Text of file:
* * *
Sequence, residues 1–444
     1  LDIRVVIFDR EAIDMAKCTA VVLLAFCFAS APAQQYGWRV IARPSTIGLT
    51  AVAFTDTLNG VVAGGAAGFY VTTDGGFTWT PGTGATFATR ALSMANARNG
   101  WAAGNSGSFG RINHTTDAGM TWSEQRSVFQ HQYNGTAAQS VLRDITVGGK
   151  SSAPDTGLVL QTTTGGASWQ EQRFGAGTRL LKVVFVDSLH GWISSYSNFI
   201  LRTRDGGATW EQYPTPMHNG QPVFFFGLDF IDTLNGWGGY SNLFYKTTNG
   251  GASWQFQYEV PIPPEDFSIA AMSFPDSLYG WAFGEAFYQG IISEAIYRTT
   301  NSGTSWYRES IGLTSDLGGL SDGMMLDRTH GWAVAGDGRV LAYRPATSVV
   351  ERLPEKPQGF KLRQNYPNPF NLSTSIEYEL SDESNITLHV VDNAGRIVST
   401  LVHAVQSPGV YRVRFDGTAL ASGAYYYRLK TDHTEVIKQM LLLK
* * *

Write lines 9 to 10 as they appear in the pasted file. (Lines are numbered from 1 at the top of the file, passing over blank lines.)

   351  ERLPEKPQGF KLRQNYPNPF NLSTSIEYEL SDESNITLHV VDNAGRIVST
   401  LVHAVQSPGV YRVRFDGTAL ASGAYYYRLK TDHTEVIKQM LLLK